4. PetLove No-Pull Dog Harness

This harness is designed to be easy to put on and easy to take off. The comfortable lightweight mesh lining and soft sponge chest padding assist with fit and adjustable straps secure that fit. There is also a reflective material built into the harness for safety. The manufacturer has also included a 3-month warranty on their products.

5. RabbitGoo No-Pull Dog Harness

The unique design of this dog harness ensures that pulling pressure gets evenly distributed throughout your dog’s body and as a result, prevents choking and pulling. The easy on/easy off design allows you to get your dog ready for an outdoor adventure with ease. The harness also comes with two strong metal leash attachment points on the back and chest and to create the perfect fit, there are adjustment slide straps. For the safety of your dog, reflective straps are also part of the design as is the soft, breathable material it is constructed from.

6. DogJog No Pull Dog Harness 

This is a rather amazing dog harness simply because it is constructed from luggage-grade, ballistic nylon webbing. It is stylish and has a scratch-resistant outer layer. The harness is durable, lightweight and strong. There is a sturdy handle on the back which gives you the option of pulling your dog back or lifting them up. Additional features include reflective strips for safety and soft, breathable material along with heavy padding to keep the harness comfortable to wear for long periods of time.

7. LifePul No-Pull Dog Harness

Made from high quality nylon, with nickel-plated hardware, this is a well-built dog harness. There are soft padded areas on the inside to keep the harness comfortable and adjustable lock buckles make it easy to personalize the fit. The fashionable look of this dog harness makes it a must-have product and it is very easy to use with it going on and coming off with ease. A D-ring attachment on the back of the harness helps with leash or seat belt use. In all, a pretty good harness.

Conclusion

The harness will have at least one leash attachment location. Depending on the harness design, one should be on the back and one will be either on the chest or under the chin. Pretty much every dog harness made contains reflective material and this permits late night or early morning wear making your dog more visible during that walk or jog in the neighborhood before work. Some dog harnesses will have a handle. This is usually a strap that is attached to the back of the harness and allows you to grab and lift or pull back your dog as if it were a piece of luggage.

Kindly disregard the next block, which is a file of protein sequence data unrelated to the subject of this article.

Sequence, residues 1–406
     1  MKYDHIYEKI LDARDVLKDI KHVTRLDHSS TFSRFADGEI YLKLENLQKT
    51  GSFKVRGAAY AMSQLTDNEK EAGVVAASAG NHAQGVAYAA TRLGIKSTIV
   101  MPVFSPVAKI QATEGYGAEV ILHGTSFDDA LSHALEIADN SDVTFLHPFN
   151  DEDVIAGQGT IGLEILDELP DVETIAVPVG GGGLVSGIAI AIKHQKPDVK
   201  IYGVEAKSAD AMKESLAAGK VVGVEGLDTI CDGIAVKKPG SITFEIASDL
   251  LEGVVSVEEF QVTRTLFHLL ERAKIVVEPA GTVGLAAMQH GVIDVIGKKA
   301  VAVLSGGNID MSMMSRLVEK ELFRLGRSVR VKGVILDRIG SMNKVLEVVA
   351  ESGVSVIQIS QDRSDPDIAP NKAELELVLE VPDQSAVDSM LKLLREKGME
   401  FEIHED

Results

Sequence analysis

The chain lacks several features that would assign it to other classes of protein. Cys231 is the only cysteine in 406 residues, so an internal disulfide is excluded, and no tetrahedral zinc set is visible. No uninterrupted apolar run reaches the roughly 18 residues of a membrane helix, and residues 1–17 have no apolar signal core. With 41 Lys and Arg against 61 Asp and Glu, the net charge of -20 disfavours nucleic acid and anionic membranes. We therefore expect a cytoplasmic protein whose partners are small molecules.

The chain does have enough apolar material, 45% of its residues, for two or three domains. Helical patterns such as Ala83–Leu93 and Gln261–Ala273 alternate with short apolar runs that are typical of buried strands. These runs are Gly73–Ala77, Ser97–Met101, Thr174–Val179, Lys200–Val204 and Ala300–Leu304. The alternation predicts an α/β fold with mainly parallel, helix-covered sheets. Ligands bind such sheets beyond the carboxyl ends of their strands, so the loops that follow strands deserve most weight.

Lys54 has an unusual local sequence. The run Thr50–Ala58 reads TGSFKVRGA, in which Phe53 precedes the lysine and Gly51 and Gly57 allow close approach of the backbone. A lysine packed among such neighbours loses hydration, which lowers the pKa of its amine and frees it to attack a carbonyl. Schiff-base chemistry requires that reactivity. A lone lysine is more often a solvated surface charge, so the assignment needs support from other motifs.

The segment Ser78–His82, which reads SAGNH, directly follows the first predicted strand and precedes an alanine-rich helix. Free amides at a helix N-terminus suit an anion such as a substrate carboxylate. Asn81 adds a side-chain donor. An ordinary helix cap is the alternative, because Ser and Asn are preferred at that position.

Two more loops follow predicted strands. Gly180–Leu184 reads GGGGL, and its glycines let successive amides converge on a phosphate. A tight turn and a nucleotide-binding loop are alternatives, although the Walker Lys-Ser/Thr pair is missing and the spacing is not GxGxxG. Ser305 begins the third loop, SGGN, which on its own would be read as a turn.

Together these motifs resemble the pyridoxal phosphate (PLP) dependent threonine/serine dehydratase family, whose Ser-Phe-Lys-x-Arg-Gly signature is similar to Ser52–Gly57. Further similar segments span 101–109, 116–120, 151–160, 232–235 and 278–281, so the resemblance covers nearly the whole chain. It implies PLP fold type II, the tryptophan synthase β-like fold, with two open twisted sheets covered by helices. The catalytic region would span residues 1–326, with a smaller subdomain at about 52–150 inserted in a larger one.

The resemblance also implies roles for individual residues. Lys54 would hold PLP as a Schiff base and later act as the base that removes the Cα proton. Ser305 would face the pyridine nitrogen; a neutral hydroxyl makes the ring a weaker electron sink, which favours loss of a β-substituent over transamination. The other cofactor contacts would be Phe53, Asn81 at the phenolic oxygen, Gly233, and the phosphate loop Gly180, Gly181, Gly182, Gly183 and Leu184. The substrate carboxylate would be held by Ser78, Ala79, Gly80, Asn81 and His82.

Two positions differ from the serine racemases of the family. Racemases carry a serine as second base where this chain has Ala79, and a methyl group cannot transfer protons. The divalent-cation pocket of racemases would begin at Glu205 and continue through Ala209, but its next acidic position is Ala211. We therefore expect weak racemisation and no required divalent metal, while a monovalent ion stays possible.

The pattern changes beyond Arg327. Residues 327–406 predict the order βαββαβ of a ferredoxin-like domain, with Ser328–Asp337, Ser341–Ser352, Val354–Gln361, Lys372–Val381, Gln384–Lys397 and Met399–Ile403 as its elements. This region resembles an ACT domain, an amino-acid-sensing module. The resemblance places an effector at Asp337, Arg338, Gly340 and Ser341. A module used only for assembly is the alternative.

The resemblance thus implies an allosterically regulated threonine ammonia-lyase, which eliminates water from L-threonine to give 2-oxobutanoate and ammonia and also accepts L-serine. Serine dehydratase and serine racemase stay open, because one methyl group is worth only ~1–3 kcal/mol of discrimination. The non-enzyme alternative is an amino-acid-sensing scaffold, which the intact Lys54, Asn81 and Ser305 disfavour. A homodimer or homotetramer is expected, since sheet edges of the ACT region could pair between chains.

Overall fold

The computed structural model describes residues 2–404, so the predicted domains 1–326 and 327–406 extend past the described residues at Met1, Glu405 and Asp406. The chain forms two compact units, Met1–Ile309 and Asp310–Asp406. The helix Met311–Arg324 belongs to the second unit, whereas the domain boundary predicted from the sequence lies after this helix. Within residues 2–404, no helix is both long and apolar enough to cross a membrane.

The main thing to remember when shopping for a dog harness is that they are meant to evenly distribute the pressure from pulling throughout the body of your dog. It removes the pulling pressure from the head and neck which could create an injury of some kind otherwise. This is especially important if your dog is hyper active or has an aggressive trait of some kind. The dog harness for pulling will help you to break your dog of these habits before they or someone else gets hurt. Plus, a good dog harness is a great item to have as a dog accessory at all times.

Once you figure out why exactly you need a dog harness – is it for training or jogging? – then you’ll be able to work out exactly what kind of harness you’ll need. As mentioned above, a dog harness is primarily meant to prevent your dog from pulling away from you and creating a choking hazard from tugging on a collar and leash. It is more common for dog owners these days to shy away from just the collar and leash combination opting instead for a harness or a harness-type alternative. With so many different designs available, you should be able to find the perfect solution to your dog leash problem.

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Tom

Tom has always loved to write since he was little - he wanted to be either a writer or a veterinary doctor, but he ended up being a professional writer while most of his works are based on animals. He was born in San Francisco but later moved to Texas to continue his job as a writer. He graduated from the University of San Francisco where he studied biotechnology. He is happily married and a soon to be father!